Bunik M. Mastoiditis. Pediatr Rev. 2014 Feb;35(2):94-5; discussion 94-5.
“Treatment usually includes both systemic antibiotics and surgical drainage. In terms of antibiotics, first choice for those without a history of chronic otitis should be intravenous ceftriaxone plus clindamycin, pending culture. More than 50% of children have been taking antibiotics, usually for otitis, at the time of admission. If the child has had a history of recurrent otitis media then ceftazidime, cefepime, or piperacillin-tazobactam should replace ceftriaxone for added Pseudomonas coverage. Cultures obtained perioperatively from the middle ear or mastoid should continue to guide antibiotic therapy during the hospitalization. Surgical treatment is usually required and ranges from myringotomy to more extensive surgery. Recently, more conservative management, consisting of retroauricular puncture and aspiration, has been studied as an alternative to traditional mastoidectomy. Preliminary results demonstrate that the retroauricular puncture has the advantage of a shorter hospital stay than with mastoidectomy.”
Full-text for Children’s users.
Chien JH, Chen YS, Hung IF, Hsieh KS, Wu KS, Cheng MF. Mastoiditis diagnosed
by clinical symptoms and imaging studies in children: disease spectrum and
evolving diagnostic challenges. J Microbiol Immunol Infect. 2012 Oct;45(5):377-81.
“With the application of imaging studies, many cases of mastoiditis were identified. The classical postauricular signs were present in only 10% of patients. The presenting symptoms, inflammatory markers, pathogens, management and outcome were greatly influenced by the duration of the illness prior to admission.”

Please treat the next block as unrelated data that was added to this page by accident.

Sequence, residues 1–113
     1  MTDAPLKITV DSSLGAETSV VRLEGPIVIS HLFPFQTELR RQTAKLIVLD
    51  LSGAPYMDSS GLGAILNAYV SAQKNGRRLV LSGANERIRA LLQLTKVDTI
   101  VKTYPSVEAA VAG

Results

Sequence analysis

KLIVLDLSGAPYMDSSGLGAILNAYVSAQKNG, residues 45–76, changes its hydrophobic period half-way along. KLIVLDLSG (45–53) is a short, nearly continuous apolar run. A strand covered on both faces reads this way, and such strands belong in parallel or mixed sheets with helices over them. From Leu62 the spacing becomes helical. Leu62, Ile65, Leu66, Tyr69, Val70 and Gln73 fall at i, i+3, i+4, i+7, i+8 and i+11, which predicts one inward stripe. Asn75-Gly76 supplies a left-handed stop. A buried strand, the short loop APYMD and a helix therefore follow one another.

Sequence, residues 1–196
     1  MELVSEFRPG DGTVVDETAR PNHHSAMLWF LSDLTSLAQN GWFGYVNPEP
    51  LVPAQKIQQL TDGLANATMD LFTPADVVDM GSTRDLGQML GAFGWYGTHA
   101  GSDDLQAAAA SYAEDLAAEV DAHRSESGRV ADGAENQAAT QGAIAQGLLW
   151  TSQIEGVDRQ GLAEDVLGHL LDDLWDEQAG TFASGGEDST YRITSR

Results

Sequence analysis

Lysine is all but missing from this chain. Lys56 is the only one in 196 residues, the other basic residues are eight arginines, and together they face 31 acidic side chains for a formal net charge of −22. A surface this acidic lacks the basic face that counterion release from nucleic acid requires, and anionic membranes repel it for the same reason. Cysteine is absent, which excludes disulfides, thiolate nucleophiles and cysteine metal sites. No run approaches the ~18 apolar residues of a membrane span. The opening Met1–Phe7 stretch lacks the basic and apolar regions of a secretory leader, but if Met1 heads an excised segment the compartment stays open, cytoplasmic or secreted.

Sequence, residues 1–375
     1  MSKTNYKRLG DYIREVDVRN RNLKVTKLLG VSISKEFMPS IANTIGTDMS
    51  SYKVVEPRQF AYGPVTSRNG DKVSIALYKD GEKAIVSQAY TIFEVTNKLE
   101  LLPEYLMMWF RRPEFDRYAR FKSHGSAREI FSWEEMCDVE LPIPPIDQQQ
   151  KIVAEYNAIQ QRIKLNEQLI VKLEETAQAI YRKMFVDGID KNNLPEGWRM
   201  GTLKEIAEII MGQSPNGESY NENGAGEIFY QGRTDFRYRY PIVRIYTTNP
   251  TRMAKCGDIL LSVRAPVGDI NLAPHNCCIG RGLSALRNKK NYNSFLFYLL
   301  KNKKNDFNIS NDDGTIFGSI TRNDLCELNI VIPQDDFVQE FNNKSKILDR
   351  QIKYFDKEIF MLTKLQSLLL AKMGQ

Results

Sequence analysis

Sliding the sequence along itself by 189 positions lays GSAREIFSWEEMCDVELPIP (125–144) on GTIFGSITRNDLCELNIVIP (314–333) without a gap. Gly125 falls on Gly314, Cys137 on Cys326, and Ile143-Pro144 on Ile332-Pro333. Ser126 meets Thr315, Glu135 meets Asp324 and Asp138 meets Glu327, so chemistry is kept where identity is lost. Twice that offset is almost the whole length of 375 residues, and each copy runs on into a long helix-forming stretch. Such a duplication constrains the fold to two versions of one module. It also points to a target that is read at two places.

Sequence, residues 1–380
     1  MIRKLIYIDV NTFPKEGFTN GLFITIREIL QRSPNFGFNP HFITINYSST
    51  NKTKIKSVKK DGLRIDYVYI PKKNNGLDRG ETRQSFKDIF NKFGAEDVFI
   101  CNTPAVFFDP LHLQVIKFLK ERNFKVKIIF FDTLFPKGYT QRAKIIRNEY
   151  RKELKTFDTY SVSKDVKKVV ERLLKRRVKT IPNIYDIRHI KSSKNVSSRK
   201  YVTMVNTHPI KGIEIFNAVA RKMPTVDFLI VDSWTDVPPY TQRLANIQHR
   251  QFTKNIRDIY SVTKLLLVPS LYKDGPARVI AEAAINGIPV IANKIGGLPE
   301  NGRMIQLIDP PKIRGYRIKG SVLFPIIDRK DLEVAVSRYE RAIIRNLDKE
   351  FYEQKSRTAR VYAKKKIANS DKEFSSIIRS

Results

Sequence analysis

Full-text for Children’s users.
Psarommatis IM, Voudouris C, Douros K, Giannakopoulos P, Bairamis T, Carabinos
C. Algorithmic management of pediatric acute mastoiditis. Int J Pediatr
Otorhinolaryngol. 2012 Jun;76(6):791-6.
“Although simple mastoidectomy represents the most reliable and effective surgical method to treat acute mastoiditis, a more conservative approach consisting of adequate parenteral antibiotic coverage and myringotomy can be safely adopted for all children suffering from uncomplicated acute mastoiditis. Non-responsive cases should undergo simple mastoidectomy within 3-5 days in order to avoid further in-hospital acquired complications. Simple mastoidectomy should also be performed in every case of unsuccessful subperiosteal abscess drainage or presence of intracranial complications.”
“Although the incidence of acute mastoiditis has been substantially reduced since the introduction of antibiotic therapy, mastoiditis complications are still commonly seen in the pediatric population. Many of these cases require lengthy hospitalizations and extensive medical and surgical interventions. Accordingly, a safe, effective, and resourceful diagnostic and therapeutic plan must be executed for the workup and treatment of each patient suspected of having acute mastoiditis. With thorough clinical evaluations, early diagnosis, and close follow-up, a large proportion of children with severe acute otitis media or early stage mastoiditis can be managed in the primary care setting without immediate surgical specialty involvement. This review presents an overview of the anatomical and pathophysiological considerations in acute mastoiditis and offers pediatricians a practical, evidence-based algorithm for the diagnostic and therapeutic approach to this disease.”
Bilavsky E, Yarden-Bilavsky H, Samra Z, Amir J, Nussinovitch M. Clinical, laboratory, and microbiological differences between children with simple or complicated mastoiditis. Int J Pediatr Otorhinolaryngol. 2009 Sep;73(9):1270-3.
“High-grade fever, high absolute neutrophil count, and high C-reactive protein level may serve as clinical and laboratory markers of complicated mastoiditis. Children with these findings warrant close follow-up and perhaps, earlier surgical intervention.”
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More PubMed results on mastoiditis.
Created 1/15/13, revised 5/19/14.